For those not familiar with the Buddha Machine, it is a small plastic device, about the size and shape of an old-fashioned transistor radio, which plays several loops of what sounds like minimal electronic ambient music, through a built-in speaker or headphones. It was designed by two artists from Beijing's electronic-music underground, Christiaan Virant and Zhang Jian.
Built in Chinese factories (though what isn't these days?), the Buddha Machine proudly embodies a made-in-China commodity-gadget aesthetic. It comes in a box decorated with lotus flowers, Buddhist swastikas and a photograph of a temple, and looking more like it would hold patent medicines than consumer electronics. The box contained two AA batteries (designed to resemble Duracells, only more cheap-looking) and device itself. The device made of thick plastic, its pieces fitting together slightly roughly (no iPod sheen here), and all the labels are exclusively in Chinese, with the exception of the creators' URL on the bottom. The Buddha Machine comes in six colours, though there is no means of choosing one; they are distributed at random, and which you get is the luck of the draw. Mine was green.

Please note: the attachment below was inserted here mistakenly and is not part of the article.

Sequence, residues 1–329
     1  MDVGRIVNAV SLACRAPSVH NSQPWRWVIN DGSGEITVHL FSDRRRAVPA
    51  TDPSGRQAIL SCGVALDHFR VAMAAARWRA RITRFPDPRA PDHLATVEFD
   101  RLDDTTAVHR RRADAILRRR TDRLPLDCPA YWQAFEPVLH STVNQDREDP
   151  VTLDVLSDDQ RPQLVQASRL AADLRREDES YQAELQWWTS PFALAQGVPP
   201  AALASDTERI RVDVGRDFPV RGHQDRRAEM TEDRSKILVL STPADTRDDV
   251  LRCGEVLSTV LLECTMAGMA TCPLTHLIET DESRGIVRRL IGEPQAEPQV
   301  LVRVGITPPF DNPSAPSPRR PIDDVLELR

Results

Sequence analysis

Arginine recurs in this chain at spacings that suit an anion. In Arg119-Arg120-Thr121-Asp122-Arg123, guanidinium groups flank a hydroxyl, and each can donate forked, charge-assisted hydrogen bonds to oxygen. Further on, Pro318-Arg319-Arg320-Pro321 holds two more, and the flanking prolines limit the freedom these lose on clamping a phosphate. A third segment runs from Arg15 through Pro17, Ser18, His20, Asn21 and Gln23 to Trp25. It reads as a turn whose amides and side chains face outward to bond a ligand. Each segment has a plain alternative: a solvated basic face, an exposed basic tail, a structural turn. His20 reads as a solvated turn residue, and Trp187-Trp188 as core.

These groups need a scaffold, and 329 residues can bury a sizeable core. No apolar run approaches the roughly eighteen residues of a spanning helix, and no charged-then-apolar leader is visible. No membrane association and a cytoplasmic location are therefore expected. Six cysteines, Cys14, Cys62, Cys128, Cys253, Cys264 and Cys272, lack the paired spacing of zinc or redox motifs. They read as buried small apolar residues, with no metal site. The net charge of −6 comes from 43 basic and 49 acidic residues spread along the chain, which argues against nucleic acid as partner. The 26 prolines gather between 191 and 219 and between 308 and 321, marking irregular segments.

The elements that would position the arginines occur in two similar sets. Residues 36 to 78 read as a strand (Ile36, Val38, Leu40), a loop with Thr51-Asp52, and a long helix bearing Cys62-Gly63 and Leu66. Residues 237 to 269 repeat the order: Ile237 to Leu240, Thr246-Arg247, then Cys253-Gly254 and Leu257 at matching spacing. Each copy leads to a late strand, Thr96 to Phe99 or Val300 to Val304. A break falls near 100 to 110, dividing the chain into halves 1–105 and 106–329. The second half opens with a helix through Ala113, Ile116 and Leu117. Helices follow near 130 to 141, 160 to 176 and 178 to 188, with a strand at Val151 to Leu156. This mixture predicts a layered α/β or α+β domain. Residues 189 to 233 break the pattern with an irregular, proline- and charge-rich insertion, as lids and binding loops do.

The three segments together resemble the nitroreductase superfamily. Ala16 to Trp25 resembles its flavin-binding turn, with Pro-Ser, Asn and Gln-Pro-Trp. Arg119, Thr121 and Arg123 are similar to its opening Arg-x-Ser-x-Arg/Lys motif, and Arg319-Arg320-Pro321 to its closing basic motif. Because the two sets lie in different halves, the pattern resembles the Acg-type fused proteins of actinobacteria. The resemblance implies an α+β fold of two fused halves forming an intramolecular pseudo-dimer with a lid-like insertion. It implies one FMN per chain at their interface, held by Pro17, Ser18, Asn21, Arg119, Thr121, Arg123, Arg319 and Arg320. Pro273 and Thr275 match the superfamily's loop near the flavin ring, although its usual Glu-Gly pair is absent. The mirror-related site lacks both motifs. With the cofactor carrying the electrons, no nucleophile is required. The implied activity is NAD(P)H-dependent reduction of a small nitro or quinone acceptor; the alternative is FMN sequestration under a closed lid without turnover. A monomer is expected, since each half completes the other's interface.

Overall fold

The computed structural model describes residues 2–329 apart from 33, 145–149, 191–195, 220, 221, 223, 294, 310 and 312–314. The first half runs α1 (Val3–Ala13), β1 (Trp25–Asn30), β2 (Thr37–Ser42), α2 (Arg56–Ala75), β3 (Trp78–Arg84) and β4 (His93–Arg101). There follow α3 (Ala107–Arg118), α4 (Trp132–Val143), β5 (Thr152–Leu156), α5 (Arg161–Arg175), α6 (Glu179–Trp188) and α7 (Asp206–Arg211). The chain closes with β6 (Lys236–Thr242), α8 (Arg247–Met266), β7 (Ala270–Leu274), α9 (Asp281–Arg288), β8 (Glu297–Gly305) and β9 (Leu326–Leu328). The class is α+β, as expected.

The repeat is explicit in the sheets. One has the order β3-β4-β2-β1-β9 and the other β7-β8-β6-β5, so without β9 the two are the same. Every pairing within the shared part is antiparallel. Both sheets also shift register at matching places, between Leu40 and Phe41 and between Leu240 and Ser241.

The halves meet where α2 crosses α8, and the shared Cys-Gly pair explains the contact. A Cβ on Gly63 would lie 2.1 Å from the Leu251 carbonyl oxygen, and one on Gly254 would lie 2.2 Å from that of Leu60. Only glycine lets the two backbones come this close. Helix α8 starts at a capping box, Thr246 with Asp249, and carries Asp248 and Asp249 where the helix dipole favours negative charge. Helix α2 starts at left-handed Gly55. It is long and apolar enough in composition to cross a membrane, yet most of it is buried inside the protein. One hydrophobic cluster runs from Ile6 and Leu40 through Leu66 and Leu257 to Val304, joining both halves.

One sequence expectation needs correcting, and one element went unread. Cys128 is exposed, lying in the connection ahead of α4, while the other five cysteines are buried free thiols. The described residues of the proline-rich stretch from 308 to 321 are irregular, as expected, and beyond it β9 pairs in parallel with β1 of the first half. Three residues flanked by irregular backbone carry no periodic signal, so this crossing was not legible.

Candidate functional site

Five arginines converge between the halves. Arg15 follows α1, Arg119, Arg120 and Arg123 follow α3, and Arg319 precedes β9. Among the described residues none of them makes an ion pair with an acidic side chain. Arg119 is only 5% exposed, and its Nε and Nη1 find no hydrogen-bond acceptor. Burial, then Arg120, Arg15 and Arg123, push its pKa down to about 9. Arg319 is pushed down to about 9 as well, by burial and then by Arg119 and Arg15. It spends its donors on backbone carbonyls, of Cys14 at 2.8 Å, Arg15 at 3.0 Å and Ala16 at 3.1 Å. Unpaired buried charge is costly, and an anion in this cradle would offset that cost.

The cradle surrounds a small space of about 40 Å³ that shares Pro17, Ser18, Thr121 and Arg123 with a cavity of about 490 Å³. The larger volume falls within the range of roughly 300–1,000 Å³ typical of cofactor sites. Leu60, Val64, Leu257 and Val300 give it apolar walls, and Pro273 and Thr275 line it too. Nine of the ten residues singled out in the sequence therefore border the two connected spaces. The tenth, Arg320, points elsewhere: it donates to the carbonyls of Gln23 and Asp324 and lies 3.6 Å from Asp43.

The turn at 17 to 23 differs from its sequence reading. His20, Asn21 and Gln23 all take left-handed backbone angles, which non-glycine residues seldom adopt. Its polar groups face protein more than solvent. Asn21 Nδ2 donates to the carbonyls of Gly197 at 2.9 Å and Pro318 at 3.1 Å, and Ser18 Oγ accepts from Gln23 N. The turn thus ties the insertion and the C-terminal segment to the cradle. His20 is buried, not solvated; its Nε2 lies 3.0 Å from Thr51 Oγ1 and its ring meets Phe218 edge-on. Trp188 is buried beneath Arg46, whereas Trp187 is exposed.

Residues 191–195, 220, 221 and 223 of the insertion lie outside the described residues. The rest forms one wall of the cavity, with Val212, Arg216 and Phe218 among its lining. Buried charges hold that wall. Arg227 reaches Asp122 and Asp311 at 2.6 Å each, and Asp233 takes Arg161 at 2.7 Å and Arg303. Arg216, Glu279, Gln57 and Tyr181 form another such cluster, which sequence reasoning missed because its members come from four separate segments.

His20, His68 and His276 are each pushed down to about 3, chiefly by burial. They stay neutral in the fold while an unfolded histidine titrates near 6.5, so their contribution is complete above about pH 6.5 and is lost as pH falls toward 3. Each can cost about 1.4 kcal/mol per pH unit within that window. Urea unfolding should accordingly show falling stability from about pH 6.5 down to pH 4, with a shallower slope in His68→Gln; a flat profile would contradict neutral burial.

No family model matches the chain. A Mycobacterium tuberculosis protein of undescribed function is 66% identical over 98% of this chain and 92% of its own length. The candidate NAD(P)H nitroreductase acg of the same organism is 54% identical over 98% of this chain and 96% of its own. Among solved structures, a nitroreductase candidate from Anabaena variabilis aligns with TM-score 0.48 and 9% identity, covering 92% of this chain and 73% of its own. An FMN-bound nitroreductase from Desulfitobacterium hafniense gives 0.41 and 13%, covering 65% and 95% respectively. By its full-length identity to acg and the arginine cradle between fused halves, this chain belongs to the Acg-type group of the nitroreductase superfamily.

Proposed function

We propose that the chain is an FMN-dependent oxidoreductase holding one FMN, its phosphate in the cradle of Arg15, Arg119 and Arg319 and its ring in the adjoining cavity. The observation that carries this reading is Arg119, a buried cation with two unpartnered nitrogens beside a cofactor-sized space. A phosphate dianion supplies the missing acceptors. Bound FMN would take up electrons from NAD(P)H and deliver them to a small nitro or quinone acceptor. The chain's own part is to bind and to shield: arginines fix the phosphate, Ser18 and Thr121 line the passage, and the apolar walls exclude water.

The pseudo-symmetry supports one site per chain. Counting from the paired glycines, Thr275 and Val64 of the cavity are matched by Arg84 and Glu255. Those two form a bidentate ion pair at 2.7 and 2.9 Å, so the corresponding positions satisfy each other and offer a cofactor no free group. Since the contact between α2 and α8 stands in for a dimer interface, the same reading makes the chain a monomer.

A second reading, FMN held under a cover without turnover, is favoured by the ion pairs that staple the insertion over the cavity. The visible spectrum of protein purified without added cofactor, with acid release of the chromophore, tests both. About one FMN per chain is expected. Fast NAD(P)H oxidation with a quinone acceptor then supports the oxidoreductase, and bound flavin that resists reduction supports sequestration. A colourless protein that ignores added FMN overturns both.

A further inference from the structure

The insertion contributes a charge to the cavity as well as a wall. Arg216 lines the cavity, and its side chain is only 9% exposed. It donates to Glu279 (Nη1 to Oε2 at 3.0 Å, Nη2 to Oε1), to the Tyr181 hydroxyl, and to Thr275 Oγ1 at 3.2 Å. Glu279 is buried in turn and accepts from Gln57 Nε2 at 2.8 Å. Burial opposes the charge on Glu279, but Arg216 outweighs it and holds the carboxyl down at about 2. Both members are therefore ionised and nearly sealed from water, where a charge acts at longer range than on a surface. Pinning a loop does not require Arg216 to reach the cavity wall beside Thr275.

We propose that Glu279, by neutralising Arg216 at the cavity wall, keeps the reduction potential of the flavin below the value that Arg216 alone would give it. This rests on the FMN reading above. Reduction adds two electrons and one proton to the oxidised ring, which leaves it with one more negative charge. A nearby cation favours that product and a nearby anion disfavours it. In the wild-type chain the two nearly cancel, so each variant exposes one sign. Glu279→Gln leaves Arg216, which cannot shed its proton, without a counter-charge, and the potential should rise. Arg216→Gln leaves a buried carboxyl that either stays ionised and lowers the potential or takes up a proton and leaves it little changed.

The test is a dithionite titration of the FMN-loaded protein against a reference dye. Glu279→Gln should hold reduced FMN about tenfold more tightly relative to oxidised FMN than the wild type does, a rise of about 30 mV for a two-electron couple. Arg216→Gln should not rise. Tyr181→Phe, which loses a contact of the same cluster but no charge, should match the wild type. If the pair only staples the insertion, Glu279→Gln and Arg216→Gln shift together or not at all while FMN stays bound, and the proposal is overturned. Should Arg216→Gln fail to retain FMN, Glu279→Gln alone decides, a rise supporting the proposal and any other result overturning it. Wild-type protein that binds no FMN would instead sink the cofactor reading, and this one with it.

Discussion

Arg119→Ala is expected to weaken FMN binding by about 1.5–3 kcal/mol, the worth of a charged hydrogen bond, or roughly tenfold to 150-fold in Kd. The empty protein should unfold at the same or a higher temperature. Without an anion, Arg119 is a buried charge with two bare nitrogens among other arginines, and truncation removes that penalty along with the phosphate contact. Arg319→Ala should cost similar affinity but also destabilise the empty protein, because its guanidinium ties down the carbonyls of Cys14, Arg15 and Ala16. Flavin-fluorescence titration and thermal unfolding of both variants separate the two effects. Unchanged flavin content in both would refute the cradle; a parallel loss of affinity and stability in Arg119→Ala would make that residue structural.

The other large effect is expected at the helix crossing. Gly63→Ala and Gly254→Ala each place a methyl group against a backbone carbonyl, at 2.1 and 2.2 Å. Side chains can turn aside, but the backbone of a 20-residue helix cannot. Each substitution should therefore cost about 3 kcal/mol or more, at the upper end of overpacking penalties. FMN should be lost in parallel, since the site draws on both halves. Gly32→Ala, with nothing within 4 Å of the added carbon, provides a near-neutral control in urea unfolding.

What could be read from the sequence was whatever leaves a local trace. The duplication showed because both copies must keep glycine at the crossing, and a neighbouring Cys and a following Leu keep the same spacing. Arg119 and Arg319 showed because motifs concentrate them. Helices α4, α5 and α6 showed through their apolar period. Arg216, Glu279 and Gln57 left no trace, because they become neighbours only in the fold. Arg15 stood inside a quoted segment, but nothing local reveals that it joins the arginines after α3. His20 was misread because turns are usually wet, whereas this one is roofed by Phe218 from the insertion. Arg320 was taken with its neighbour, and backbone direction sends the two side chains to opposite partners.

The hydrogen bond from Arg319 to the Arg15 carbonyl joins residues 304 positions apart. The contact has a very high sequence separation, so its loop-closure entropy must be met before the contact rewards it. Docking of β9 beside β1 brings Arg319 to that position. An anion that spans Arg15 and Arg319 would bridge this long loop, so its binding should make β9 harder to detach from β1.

When switched on, the device plays a randomly-chosen loop through its speaker or the headphones. It has a small, ordinary-looking switch on the side; when this is flipped, it changes the loop to a different randomly-selected one. (It has 9 built in.) The loops come from performances by the two artists, and are stored in memory on the device. They sound, in a word, ambient, varying from glitchy, saturated chords and slowed-down instrument sounds to minimalistic micromelodies played on a variety of lo-fi drones and distorted string-like instruments, to what sound like fragments of larger works, chopped out of their context and fashioned into textures. The loops are chosen at random; flicking the rather ordinary-looking switch on the side of the unit switches to another loop. It is probably a cliché to describe it as "oddly soothing", though the effect is.
And here is an interview with the creators, describing how they came up with the idea, and how surprised they were to sell as many as they have; they had expected to sell a few hundred, but then various bloggers and hipsters (notably Pitchfork Magazine) picked the Buddha Machine out as a techno-fetish object to file alongside their Lomo ActionSamplers.
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